6. In ‘The Young Head of the Family’ Ragan points out how stereotypical behavior can hurt women, what do you think of this? Did you see the tale as subversive in that sense?  While the story wasn’t a favorite for me, the way the young woman stood up to the Mandarin was quite impressive. I loved how it was pointed out how standing up for yourself despite being taught to always be submissive is a good and useful thing. I think that children are done a disservice being taught to always be polite and obey rather than think critically.

7. What did you think of the way ‘The Wife Who Stole a Heart’ begins? Do you think this story is really feminist and helps women or does the women against woman aspect of it hurt? While the woman went through a lot of feats to prove herself and regain the Khan, the way the story started was offensive to me. The Khan is married but to a woman he doesn’t love, so he makes another woman pregnant. The other woman sends the wife home (and we have no idea what her thoughts are on this) and becomes the new wife and works to bring the Khan back. We need more tales where women learn that we aren’t the enemies and that we ought to work together. Playing on the woman against women anger and jealousy and just dismissing his cheating and infidelity as well as the first wife’s feelings and life seems callous and just wrong.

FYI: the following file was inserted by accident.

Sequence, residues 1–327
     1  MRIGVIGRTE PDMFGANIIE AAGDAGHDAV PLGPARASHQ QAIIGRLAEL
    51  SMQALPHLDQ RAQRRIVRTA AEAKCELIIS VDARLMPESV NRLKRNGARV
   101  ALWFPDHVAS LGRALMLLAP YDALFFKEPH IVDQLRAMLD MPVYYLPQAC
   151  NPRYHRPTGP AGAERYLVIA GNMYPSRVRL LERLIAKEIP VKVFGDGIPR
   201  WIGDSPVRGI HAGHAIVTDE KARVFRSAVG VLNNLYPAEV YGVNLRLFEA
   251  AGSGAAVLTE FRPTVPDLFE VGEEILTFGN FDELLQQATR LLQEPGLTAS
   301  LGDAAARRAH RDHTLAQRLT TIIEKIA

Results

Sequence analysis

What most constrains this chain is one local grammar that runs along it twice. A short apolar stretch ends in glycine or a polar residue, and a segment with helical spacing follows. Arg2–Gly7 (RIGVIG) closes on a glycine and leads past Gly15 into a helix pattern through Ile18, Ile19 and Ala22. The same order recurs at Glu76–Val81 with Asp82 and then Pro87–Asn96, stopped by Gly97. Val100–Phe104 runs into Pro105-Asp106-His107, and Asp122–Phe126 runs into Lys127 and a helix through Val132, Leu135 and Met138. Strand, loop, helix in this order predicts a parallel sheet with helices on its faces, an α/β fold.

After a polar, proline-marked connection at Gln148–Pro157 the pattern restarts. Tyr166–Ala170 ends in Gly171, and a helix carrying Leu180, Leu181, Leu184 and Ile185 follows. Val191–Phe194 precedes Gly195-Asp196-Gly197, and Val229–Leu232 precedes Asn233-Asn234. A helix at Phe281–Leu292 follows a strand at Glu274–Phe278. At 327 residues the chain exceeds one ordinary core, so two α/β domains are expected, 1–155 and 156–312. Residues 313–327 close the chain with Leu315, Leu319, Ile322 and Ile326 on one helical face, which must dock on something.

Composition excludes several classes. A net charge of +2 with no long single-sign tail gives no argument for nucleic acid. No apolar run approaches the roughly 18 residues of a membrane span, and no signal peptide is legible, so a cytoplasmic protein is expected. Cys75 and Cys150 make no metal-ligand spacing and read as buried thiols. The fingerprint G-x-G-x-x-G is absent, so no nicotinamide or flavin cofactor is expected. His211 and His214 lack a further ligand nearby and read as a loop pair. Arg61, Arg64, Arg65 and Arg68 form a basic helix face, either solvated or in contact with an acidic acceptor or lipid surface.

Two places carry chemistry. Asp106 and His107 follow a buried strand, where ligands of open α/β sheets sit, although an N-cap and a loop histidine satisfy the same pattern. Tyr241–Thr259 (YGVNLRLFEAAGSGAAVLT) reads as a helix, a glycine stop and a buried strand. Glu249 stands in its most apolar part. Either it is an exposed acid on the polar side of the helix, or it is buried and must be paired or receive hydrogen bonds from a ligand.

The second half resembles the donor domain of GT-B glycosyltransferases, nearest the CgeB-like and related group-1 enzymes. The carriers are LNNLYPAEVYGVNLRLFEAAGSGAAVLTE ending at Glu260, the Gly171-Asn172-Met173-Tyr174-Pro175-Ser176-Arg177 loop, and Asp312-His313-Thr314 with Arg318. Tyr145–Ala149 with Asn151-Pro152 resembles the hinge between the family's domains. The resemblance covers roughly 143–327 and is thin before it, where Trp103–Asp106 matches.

Make sure you check out Kailana’s responses to the questions she asked this week as well!

6 Comments leave one →
  1. July 20, 2011 9:17 am

    I have barely read stories from countries like China, Korea, etc. and so reading these stories looks like a whole great new adventure. Interesting responses as always.

  2. July 20, 2011 9:55 am

    Wow, it sounds like Ragan had a lot of contentious things to say in this part of the book. I am also surprised that she compared working and living with a different ethnic group to working and living with primates! That’s some serious cheek, or possibly something even worse! I find these conversations that you two are having about this book fascinating, and will be sad when they end.

    • July 22, 2011 12:15 pm

      Yes, isn’t it… eeck? Sigh. I’m just not loving this collection as much as I’d hoped I would sadly zibilee.